| s/cncrd SGND BY GOV (Apr. 3) Ch.227||On day 24, the Senate concurred (with the House amendments), and the bill was signed by the Governor.|
For a list of these abbreviations, including the committee abbreviations, see NMLegis' Action Abbreviations.
The main purpose of the Bill Tracker is to keep an eye on your specific list of bills, and most of its pages don't make sense without that. But the All Bills page is available without logging in, offering links to every bill filed in the current session along with links to the bill's page on NMLEGIS and the text (contents) of the bill. Of course, if you're not logged in, the page won't keep track of which bills are new to you.
You can change your password or email address in Settings. Email addresses must be confirmed: you will get an email from nmbilltracker.org with a confirmation code. You won't receive any email alerts until you confirm the email address, though you can still use the Bill Tracker.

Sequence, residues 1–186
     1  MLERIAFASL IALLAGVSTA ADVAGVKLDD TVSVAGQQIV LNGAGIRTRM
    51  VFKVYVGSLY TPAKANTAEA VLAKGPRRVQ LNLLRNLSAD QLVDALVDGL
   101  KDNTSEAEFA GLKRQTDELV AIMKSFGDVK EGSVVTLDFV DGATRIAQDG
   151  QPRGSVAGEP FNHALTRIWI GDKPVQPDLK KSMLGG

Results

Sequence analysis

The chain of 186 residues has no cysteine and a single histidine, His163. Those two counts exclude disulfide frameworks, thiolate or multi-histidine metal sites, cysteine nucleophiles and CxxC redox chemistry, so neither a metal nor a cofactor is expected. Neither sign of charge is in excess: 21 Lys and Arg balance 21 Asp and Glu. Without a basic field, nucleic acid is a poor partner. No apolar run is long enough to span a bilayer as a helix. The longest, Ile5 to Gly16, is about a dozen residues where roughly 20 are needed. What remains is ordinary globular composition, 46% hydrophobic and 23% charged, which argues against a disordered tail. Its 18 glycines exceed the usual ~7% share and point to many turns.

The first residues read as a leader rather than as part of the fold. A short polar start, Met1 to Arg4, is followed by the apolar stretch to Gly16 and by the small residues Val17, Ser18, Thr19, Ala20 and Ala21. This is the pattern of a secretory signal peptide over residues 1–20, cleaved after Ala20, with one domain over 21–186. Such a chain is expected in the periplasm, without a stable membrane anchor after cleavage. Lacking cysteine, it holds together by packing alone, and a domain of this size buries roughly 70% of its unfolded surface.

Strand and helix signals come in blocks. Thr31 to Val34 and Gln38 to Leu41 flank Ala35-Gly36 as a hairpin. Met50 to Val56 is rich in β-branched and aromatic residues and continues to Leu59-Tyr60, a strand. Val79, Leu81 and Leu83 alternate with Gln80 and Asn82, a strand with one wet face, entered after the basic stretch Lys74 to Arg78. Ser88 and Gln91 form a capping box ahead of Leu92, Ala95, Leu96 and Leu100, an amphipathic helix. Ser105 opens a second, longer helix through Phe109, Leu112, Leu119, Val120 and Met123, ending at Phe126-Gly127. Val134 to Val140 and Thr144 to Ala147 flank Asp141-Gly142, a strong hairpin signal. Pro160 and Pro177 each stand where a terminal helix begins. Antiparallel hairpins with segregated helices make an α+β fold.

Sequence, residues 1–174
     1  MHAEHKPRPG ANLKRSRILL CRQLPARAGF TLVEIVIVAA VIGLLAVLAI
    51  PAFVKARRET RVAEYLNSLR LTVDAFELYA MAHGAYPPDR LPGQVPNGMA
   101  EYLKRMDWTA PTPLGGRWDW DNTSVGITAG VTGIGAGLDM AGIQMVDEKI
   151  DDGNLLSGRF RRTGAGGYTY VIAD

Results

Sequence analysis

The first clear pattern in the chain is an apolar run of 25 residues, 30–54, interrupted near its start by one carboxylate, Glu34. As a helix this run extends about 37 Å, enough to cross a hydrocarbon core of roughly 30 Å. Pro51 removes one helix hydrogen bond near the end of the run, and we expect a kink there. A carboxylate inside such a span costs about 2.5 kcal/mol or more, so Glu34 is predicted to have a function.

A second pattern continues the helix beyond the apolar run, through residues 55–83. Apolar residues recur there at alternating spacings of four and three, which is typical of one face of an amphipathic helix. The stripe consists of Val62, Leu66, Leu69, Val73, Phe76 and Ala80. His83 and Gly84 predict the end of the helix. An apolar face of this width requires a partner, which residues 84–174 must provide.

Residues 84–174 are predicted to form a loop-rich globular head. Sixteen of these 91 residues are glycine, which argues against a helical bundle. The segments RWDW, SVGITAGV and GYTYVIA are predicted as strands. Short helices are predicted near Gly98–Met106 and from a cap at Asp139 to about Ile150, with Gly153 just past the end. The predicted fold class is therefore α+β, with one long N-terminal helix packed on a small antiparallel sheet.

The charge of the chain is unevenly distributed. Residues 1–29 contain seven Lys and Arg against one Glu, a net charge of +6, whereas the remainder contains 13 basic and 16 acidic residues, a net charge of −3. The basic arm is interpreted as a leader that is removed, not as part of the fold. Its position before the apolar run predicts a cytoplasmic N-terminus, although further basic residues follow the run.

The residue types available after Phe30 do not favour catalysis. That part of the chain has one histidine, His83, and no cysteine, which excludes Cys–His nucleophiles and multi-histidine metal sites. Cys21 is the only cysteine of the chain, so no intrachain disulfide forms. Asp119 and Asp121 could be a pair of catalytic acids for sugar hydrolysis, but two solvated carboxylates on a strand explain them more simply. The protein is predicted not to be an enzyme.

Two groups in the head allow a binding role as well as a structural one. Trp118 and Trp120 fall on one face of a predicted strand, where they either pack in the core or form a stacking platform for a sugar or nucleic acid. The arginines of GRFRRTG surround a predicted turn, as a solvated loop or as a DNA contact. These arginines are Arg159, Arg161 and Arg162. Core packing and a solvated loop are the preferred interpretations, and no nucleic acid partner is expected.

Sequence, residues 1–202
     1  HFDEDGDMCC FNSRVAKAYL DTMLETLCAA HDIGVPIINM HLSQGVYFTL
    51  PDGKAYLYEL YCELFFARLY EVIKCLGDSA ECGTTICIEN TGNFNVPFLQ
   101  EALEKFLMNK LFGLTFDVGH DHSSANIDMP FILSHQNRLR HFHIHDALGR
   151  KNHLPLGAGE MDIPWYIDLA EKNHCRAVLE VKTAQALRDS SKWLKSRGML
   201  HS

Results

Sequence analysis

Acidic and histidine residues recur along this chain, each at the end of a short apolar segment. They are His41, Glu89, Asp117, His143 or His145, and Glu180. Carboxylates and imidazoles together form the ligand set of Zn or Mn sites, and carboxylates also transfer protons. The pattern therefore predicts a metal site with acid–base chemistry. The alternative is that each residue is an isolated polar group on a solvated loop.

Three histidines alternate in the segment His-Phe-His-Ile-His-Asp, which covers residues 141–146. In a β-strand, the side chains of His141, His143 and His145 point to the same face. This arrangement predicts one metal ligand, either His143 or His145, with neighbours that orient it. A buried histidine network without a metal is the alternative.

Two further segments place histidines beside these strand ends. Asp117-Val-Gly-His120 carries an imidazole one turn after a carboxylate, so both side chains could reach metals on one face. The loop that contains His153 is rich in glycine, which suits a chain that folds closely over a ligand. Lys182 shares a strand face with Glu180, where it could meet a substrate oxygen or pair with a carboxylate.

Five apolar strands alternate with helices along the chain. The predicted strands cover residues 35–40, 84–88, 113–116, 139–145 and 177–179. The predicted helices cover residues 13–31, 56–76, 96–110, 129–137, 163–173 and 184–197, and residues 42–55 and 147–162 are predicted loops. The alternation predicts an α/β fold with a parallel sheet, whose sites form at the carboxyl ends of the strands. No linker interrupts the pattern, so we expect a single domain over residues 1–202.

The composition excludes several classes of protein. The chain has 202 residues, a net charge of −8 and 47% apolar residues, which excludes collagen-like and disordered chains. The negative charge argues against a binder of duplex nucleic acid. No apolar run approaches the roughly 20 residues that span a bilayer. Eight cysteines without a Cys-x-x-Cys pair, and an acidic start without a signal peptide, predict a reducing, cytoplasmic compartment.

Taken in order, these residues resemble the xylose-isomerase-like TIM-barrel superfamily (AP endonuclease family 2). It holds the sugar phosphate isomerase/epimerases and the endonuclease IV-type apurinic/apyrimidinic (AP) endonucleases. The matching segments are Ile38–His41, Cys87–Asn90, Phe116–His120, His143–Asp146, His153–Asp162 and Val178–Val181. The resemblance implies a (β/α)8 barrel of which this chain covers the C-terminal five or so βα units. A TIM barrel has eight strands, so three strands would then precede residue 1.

If you no longer want to receive email alerts, you can clear your email address.
Most links on the Bill Tracker to a bill, committee or legislator will open in a new tab or window, so your Bill Tracker page is still available.
The Links page has links I've found useful for following the legislative session. For instance, for committees that don't list their schedules on the committee's page, you can find a list of all committee calendars, as well as the House and Senate calendars, on the Links page.
Many of the links go to the League of Women Voters of New Mexico website. The Bill Tracker is not an official LWV project, but it is run by the LWVNM webmaster with cooperation from the League.
If there's something you find confusing in the Bill Tracker that you think should be documented here, contact Akkana.